How to recover from a suntan that's toasted your skin
Use that lemon juice to make nimbu pani, not a facepack
The quintessential dad joke — ‘What’s black and white and red all over?’ ‘ ‘A sunburnt zebra’ – is not only cringey but factually untrue. Researchers found evidence suggesting that their iconic coat serves the dual purpose of shielding them from harmful UV rays and keeping them cool in hotter climates. Zebras know how to protect their skin. Unfortunately, their bipedal mammalian brethren – us – didn’t get the memo. After spending long summer days in the sun, we’ve often found our faces darkened, red and burnt, and feet sporting a patchwork of tan lines exotic enough to make a zebra jealous.
We’re enterprising beings by nature and try our hand at every nuska and hack to get rid of a suntan. Lemon juice, besan scrubs, and head-to-toe protective covering; we’ve doused ourselves in aloe vera juice and rubbed tamatar slices on our cheeks with the enthusiasm of a ‘90s aerobics instructor until mummy starts screaming about ingredients missing for raat ki tarkari.
“Tanning is the body’s response to the damage done to the skin’s cells by exposure to UVA and UVB rays from the sun. Prolonged exposure to these UV rays causes DNA injury to the skin cells, which leads to darkening and pigmentation of the skin,” says Shirolikar. “Tanning from UVA rays lasts for a couple of days (even though they penetrate deep into the skin and trigger melanocytes to produce more melanin), but tanning from UVB rays can last for weeks and even months at a stretch.”
Dr Manjot Marwah describes tanning as a protective mechanism of our body against sun damage. An award-winning dermatologist, hair transplant surgeon, and director at Dr Manjot’s Clinic, Marwah says we all have melanocytes, which are cells that give the skin its colour, and melanin is its naturally-occurring pigment. “Tanning occurs when our skin is exposed to UV rays, which triggers melanin production in our skin. This darkens our skin and helps protect it from further damage caused by these UV rays.”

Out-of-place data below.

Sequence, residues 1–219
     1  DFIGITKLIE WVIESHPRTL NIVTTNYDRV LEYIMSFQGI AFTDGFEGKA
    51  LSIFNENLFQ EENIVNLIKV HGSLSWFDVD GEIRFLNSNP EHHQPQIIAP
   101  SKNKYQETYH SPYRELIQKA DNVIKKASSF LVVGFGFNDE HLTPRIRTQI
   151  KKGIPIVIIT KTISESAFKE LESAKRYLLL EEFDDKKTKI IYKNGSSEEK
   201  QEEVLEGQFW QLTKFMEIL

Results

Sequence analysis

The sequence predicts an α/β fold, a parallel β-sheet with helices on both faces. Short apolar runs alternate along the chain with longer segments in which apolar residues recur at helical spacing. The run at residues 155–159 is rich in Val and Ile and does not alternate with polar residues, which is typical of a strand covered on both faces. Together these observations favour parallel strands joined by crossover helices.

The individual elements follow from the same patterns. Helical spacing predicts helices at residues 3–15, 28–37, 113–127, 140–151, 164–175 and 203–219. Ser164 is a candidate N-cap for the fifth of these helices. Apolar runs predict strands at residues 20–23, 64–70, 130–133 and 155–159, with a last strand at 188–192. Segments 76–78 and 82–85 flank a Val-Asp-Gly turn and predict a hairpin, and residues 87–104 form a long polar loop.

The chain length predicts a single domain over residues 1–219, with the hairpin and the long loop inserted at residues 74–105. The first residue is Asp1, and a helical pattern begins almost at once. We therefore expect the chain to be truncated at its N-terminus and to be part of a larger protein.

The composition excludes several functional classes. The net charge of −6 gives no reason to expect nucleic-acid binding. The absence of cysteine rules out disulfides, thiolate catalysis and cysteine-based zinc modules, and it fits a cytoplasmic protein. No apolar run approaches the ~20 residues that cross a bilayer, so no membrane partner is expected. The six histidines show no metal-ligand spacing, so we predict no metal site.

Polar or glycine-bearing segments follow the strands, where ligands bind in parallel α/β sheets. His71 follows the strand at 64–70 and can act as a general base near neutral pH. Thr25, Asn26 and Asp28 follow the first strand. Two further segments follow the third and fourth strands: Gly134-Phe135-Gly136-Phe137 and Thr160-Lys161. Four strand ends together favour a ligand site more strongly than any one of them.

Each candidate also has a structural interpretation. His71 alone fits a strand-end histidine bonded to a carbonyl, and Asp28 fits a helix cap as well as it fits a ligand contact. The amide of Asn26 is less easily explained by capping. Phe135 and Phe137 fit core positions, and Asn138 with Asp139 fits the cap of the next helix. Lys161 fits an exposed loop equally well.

Everyone craves a soft golden glow, especially when you’re back from an exotic vacation abroad and want it to be a conversation starter when you next catch up with your friends. But tanning doesn’t only change the skin’s colour, says Shirolikar, it also prematurely ages the skin, leaving behind sun spots and wrinkles. “In certain extreme cases, the UVB rays could cause sunburns, as they burn the upper layers of the skin — the epidermis.”
So what do you do if your afternoon nap in the poolside hammock stretched on too long or forget to reapply your sunscreen while chasing Chintu around the playground?
How to get rid of a suntan, safely
Why am I tanning if I have brown skin?
It could be that one arm you always have up against the window while driving the car, the straps of your swimming costume, or just your hands that tend to catch the sunlight when you’re at your window desk at the office.
You might have been led to believe that the browner your skin, the lesser the need for sun protection – the melanin will protect you. But both Marwah and Shirolikar say it isn’t the case, and the risks are too significant to take a chance.
“People need sunscreen, regardless of their skin colour. Darker-skinned people may not show a tan as easily due to a higher melanin presence in their skin, but that in no way protects them from sun damage or makes them immune to sunburns, sun spots, wrinkles, or even melanomas (skin cancer),” adds Shirolikar.
What’s the best way to prevent tanning?
Why tackle a problem after it’s already occurred when you can avoid it? Well, not entirely. Unless you adopt a nocturnal lifestyle, you’re bound to tan to some degree.
Instead of trying to get rid of a suntan, be good with your sunscreen and keep a check on the UV index, says Shirolikar. “Only venture outdoors when the UV index is between 0 to 5, which is ideally early morning or late afternoon. Avoid the midday sun as much as possible, as that is when the sun’s rays are the harshest and can cause maximum damage.”
Shirolkar and Marwah advise applying sunscreen with a minimum SPF of 30, wearing wide-brimmed hats, long-sleeved shirts, and sunglasses and seeking shade as much as possible.
Ingredients that help get rid of a suntan
Marwah recommends beginning with some gentle (yet practical) exfoliation. Put away the homemade coconut oil and coffee scrub and try an alpha hydroxy acid (AHA) like glycolic and lactic acid, which can break up the top layer of dirt, dead skin cells and tan build-up. Shirolikar adds that AHAs help increase skin cell turnover, which could return your skin to its natural state. She cautions against using an AHA above 15% on your face and above 30% on your body. And always remember to follow up with a good amount of sunscreen. Otherwise, you’re risking severe skin damage.